ISN’T ANYONE DOING ANYTHING ABOUT THIS?
Yes, a number of groups are trying to educate the public on the key warning signs. It’s one of the reasons why the American Heart Association began it’s Act in Time campaign a couple of years ago. Now, the American College of Emergency Physicians or ACEP is promoting its Seconds Save Lives educational efforts. There is no group who knows better than ER doctors the importance of getting proper care as early as possible. ACEP wants people to recognize a problem and then act.
GETTING TO THE ER OR TO A PERSON’S DOCTOR EARLY ISN’T JUST IMPORTANT IN HEART ATTACKS OR STROKES, IS IT?
Absolutely right. There are many other conditions that require both early diagnosis and early treatment. We sometime refer to these as Diagnostic Imperatives because missing these diagnoses or not getting them treated early enough can cause major problems for a patient. Let me give you some practical examples. A child with prolonged abdominal pain doesn’t see the doctor soon enough so their appendix ruptures and causes severe abdominal infection. A woman suddenly develops difficulty breathing that doesn’t go away quickly. The blood clot that went to her lung from her legs gets worse so that she almost dies. There is some good news: We are all given very clear warning signs or symptoms when we need to take action. The key is recognizing them.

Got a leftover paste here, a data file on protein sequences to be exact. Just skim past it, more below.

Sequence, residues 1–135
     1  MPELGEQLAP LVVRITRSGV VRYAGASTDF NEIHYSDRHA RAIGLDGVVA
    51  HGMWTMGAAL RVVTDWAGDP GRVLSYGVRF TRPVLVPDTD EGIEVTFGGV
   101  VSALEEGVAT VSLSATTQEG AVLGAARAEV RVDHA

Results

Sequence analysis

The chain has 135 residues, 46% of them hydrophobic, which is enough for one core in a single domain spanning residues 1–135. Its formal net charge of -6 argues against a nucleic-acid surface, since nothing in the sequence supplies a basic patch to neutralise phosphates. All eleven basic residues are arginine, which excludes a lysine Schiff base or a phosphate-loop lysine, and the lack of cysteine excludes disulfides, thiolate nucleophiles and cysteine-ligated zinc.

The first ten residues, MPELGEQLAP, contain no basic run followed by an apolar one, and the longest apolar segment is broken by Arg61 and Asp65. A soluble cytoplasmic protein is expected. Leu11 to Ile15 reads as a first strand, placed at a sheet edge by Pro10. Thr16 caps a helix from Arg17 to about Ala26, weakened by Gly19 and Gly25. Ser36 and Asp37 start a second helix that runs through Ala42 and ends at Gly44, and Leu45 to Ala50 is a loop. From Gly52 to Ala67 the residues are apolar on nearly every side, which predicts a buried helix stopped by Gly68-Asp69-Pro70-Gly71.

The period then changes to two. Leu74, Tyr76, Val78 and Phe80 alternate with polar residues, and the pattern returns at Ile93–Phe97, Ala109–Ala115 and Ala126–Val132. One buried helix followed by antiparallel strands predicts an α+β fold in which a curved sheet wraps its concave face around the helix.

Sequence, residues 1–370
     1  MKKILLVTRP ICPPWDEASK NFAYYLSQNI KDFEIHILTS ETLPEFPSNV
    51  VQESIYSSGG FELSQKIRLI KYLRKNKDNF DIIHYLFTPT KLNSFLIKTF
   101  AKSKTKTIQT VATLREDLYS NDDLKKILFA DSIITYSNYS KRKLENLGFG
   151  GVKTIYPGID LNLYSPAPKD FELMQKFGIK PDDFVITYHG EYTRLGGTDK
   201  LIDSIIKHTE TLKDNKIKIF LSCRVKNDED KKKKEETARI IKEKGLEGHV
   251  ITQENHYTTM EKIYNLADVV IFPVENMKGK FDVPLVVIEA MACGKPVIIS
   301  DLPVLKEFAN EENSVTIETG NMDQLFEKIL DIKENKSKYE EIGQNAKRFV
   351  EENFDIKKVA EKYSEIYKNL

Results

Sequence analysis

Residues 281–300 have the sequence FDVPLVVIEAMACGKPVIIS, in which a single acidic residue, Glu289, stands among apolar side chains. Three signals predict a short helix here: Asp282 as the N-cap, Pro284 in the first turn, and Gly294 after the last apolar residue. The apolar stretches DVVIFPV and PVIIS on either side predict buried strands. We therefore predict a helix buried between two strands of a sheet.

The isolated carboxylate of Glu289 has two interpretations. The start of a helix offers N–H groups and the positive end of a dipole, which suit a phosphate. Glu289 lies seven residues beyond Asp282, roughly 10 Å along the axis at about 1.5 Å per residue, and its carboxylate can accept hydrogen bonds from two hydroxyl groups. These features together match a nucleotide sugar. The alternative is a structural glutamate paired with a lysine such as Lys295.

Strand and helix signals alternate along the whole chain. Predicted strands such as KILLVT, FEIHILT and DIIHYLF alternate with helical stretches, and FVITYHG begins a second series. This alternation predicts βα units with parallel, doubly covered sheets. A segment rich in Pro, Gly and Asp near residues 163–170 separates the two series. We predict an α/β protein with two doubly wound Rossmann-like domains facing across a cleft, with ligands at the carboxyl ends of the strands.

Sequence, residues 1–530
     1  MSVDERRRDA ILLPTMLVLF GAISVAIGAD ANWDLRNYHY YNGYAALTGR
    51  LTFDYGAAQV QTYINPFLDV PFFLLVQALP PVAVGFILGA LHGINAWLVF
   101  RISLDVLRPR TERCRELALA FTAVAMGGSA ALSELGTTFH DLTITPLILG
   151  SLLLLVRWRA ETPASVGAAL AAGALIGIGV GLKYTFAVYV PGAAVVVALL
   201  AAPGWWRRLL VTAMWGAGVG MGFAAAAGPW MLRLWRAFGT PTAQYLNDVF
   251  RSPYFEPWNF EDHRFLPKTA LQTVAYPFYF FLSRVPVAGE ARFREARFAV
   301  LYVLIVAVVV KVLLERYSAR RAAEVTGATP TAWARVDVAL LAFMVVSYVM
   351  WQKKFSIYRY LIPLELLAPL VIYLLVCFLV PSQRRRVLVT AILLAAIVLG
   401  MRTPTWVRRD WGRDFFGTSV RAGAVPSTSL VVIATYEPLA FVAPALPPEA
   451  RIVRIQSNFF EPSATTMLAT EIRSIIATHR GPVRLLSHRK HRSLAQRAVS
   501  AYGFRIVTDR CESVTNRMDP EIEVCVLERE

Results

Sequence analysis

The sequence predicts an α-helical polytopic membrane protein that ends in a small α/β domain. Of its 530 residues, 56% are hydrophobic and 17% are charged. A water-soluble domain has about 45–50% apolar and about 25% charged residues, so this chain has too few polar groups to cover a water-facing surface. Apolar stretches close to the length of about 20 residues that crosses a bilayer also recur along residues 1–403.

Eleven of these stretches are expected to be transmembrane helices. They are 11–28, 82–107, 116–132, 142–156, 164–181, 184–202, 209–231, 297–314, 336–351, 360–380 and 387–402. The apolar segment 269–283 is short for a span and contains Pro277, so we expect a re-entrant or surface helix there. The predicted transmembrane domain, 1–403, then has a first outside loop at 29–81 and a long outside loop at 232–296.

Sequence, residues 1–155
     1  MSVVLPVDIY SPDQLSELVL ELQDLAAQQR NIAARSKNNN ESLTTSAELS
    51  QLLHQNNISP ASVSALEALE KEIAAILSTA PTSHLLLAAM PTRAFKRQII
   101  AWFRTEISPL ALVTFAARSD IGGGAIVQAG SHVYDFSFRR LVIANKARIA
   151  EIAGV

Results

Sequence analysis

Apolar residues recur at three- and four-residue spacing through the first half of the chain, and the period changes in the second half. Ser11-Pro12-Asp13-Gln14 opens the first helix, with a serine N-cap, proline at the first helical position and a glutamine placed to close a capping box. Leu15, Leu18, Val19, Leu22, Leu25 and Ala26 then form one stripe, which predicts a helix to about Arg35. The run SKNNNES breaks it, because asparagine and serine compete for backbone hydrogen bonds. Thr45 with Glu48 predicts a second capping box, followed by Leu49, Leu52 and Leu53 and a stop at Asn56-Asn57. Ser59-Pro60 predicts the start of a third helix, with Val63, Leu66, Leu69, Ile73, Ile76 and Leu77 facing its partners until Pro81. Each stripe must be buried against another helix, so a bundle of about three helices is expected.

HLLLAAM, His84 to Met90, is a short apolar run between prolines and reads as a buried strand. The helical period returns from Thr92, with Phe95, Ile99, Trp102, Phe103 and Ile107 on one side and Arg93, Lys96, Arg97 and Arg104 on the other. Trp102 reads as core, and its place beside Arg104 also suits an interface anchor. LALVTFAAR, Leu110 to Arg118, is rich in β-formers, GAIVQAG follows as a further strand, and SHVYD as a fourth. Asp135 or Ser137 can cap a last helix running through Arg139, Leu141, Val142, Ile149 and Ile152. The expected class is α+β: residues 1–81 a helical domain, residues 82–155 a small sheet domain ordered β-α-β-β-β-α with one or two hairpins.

WHAT ARE THE LIFE-THREATENING WARNING SIGNS THAT I NEED TO RECOGNIZE?
The first is sudden or severe pain that doesn’t quickly go away. This is especially true with headaches. If you develop a headache that is the worst you’ve ever had, it could mean bleeding inside your head from a ruptured artery. It’s more common in women than men and is often neglected. Now we don’t want every person with a migraine running to the ER. It should only be for sudden severe pain that’s well beyond anything that you’ve ever had before.